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Three Gorges Dam Leaves Some Chinese Swamped


China's Three Gorges Dam has set off a substantial debate over its costs -- both human and environmental -- and its benefits. Because of the dam, more than a million people have been relocated, and before the water level reaches its peak, another 400,000 will need to move. China allocated billions of dollars to help relocate families, but some villagers say corrupt local officials have taken their money. Sam Beattie has more from the Three Gorges Dam.

In just a few more years, there will be no more higher ground for Fu Xiuqiong to seek.

The water has been rising around her farm land near Gaoyang, ever since the Three Gorges Dam reservoir in central China began filling in 2003.

Fu says she cannot afford to move away. She says her family was never given the compensation the government promised. "Now sitting here, it is extremely hard to survive. We are not able to leave. After the big migration, they didn't give us land, and we didn't get any of the money from the government."

The Three Gorges Project is the world's largest dam, hailed by Chinese media as an engineering feat to match another record breaker -- the Great Wall of China.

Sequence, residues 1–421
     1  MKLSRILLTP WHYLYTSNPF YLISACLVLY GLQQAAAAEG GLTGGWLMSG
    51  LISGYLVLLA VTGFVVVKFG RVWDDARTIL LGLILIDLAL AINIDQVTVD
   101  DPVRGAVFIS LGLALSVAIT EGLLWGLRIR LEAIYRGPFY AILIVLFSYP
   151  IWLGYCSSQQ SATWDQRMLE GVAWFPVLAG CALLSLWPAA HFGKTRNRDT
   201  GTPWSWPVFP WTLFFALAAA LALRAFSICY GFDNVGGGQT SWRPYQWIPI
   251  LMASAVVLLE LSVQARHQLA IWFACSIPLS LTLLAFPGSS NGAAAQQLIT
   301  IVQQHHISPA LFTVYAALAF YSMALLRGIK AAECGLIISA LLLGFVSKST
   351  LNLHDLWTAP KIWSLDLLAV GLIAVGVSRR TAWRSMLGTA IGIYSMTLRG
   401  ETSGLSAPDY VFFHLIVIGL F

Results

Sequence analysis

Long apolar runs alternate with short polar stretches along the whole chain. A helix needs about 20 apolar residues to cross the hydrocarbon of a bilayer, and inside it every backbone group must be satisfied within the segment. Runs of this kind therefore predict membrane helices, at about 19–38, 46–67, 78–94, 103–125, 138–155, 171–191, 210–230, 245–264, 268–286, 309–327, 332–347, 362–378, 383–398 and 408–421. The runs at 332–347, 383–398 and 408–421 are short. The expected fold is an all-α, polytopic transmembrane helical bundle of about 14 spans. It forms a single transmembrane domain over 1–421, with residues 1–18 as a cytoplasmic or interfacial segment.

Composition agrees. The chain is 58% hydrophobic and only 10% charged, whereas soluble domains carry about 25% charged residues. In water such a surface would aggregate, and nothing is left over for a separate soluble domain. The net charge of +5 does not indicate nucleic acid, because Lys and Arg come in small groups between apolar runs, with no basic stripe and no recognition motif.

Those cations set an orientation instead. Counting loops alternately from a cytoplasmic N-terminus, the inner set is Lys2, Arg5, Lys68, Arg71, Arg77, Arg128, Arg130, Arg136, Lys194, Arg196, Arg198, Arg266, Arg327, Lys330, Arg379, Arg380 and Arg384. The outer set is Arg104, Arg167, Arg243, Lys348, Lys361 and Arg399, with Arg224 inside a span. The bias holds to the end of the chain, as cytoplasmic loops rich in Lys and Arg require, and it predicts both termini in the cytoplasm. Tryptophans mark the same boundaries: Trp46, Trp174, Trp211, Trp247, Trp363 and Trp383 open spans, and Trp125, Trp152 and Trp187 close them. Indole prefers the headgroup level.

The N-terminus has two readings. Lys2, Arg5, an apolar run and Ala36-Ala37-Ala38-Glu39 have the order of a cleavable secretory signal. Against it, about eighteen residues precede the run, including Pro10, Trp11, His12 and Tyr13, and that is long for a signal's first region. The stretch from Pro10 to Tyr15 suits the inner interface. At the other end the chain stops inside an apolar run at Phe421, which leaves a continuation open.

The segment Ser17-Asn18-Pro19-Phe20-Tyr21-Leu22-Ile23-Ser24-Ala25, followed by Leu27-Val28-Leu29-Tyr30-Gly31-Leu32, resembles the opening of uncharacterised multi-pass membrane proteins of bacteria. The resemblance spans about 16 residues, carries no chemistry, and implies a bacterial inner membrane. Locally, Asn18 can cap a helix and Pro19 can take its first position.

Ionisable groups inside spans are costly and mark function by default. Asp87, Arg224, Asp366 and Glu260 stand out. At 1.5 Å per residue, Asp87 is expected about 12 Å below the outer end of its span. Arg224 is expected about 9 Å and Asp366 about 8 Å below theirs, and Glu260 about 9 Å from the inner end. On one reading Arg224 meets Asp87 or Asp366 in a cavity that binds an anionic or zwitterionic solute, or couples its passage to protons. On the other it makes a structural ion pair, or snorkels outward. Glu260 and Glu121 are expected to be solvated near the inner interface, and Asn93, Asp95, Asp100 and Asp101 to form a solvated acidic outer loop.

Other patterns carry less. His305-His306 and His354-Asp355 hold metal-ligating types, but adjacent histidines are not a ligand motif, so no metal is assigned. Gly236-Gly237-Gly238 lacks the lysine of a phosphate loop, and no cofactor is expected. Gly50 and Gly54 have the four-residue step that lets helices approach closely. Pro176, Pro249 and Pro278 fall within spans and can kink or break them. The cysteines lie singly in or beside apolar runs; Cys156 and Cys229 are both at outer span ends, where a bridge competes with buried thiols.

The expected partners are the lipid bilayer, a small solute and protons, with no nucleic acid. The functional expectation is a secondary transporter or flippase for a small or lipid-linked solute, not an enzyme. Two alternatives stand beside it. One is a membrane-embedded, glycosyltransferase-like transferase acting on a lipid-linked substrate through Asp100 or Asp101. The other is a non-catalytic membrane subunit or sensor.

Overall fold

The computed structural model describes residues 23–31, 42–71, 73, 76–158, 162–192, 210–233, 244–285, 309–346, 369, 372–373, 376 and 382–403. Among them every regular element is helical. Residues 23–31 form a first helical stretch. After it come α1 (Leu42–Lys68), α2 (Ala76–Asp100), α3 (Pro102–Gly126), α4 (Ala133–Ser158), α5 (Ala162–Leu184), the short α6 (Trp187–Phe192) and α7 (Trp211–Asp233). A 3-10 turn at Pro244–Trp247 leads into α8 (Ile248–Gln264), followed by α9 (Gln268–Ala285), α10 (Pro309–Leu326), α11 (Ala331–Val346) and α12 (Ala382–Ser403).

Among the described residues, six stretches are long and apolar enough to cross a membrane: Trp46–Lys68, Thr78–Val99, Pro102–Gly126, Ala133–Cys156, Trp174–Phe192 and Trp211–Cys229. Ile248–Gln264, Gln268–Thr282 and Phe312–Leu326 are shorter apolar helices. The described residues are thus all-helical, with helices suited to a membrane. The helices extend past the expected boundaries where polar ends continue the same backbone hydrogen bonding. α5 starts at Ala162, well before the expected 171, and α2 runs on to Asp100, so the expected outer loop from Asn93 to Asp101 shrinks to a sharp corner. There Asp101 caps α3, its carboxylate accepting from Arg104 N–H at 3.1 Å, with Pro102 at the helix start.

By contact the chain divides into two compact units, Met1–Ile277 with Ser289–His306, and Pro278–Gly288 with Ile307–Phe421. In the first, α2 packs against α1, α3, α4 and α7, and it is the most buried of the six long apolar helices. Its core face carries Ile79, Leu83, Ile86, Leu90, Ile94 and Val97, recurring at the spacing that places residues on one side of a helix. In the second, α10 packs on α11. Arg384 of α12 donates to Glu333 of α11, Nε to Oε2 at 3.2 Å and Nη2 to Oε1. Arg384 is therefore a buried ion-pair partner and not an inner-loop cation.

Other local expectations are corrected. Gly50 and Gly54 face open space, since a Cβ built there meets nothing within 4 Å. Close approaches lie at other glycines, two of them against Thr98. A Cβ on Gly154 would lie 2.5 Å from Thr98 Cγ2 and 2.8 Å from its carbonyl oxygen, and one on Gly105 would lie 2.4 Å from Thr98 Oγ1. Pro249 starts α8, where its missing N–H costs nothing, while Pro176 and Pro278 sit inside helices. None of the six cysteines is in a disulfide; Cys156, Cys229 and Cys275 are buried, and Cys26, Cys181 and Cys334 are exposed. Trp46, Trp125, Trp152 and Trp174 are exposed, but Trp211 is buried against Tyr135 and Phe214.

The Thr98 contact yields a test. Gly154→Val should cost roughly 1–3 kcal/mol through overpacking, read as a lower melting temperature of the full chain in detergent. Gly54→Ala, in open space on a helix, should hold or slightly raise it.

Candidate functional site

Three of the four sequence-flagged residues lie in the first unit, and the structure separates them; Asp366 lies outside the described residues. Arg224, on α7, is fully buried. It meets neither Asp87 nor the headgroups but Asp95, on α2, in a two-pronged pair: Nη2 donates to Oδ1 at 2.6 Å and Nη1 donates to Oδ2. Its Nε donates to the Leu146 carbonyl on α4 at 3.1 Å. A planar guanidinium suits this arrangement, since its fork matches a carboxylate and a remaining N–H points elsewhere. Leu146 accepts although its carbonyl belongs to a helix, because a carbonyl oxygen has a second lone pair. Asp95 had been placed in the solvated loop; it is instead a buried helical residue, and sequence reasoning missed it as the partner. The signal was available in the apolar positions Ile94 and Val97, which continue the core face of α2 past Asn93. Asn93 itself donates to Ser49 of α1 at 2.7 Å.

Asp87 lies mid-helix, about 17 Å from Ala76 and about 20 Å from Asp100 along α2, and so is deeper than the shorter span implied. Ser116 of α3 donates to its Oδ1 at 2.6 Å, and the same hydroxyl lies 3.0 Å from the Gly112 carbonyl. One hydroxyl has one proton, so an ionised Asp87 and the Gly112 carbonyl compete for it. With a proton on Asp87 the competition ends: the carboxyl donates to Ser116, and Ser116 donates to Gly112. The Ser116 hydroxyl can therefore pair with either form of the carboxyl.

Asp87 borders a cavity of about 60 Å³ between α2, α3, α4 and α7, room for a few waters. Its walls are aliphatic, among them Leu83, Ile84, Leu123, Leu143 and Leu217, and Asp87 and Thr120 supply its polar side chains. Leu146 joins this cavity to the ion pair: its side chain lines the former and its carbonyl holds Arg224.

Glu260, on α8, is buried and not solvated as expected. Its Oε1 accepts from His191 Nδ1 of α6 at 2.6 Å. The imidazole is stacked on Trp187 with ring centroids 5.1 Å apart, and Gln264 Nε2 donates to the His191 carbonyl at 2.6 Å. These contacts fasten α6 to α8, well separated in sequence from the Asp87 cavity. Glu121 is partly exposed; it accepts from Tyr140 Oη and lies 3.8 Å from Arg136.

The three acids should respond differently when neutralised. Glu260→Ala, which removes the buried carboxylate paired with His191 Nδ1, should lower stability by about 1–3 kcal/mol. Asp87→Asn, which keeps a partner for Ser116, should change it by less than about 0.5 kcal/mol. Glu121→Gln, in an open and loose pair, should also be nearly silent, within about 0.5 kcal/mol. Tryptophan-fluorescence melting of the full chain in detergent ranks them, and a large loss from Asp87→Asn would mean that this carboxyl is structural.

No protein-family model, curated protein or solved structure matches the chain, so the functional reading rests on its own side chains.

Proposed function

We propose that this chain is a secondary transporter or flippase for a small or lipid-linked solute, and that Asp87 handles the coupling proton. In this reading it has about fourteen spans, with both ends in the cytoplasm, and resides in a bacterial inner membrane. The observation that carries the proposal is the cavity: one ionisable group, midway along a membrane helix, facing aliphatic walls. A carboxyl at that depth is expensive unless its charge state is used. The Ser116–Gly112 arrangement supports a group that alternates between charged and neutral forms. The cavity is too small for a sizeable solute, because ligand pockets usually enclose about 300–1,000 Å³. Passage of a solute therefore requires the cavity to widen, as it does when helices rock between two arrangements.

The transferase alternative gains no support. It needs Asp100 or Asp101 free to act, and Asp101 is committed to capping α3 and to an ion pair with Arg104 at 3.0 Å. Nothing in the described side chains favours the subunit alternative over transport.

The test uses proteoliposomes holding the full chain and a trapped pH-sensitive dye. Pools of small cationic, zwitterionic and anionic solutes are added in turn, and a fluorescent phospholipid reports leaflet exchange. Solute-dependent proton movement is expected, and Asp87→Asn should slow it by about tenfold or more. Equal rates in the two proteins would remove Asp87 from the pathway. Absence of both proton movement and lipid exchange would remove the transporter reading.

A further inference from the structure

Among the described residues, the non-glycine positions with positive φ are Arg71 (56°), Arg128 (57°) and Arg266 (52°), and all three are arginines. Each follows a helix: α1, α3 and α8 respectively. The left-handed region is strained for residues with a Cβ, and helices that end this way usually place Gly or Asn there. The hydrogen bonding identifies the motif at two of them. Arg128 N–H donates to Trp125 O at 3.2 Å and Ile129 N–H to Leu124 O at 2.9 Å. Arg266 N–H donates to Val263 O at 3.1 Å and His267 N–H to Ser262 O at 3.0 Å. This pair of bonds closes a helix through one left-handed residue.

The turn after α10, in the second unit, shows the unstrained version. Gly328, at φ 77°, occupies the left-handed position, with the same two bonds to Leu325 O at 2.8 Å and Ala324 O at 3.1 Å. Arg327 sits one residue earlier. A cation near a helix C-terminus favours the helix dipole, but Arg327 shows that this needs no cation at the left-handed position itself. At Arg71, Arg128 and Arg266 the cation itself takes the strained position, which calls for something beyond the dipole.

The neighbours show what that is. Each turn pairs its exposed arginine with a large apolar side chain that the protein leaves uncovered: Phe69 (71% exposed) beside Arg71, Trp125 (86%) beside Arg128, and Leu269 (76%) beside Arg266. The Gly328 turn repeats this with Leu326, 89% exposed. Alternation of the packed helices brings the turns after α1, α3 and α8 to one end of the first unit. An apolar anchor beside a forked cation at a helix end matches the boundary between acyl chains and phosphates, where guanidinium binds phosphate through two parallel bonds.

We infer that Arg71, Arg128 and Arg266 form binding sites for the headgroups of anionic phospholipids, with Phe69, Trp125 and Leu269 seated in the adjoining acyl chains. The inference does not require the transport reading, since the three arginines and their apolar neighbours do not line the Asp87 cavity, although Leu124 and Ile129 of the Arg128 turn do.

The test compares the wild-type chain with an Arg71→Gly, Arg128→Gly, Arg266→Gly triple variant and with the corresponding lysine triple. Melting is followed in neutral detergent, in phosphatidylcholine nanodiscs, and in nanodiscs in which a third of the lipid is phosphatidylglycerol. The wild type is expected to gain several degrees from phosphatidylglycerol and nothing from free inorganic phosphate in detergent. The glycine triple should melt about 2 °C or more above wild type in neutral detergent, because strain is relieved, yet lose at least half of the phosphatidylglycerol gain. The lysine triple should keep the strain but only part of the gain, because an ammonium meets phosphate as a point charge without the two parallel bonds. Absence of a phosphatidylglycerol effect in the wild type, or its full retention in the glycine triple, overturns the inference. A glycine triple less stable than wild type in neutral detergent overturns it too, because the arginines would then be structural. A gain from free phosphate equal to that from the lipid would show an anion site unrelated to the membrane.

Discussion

Officials from China's State Council say the dam was built to stop centuries of flooding in the Yangtze River Delta, and to create environmentally friendly energy. But critics say the dam itself is to blame for massive environmental and geological problems.

The government now says its environmental impact assessments made before the dam's approval indicated there would be some side effects to the $25 billion project.

Sun Zhiyu is a director of the development group in charge of the dam's construction. He says, "Personally, I think if comparing the benefits and the disadvantages of the Three Gorges Dam, then the benefits are huge."

The State Council recently took reporters on a tour of the dam. Information officer Yu Liwen said, "We want to tell the world and the media what the real situation of the Three Gorges Dam and the environment in China. "

International conservation groups, local residents, and even some local Chinese officials and scientists have criticized the dam for causing landslides, taking away people's livelihoods, and increasing water pollution levels.

The official trip took reporters to a landslide treatment center, a vocational training center and sewage treatment plants.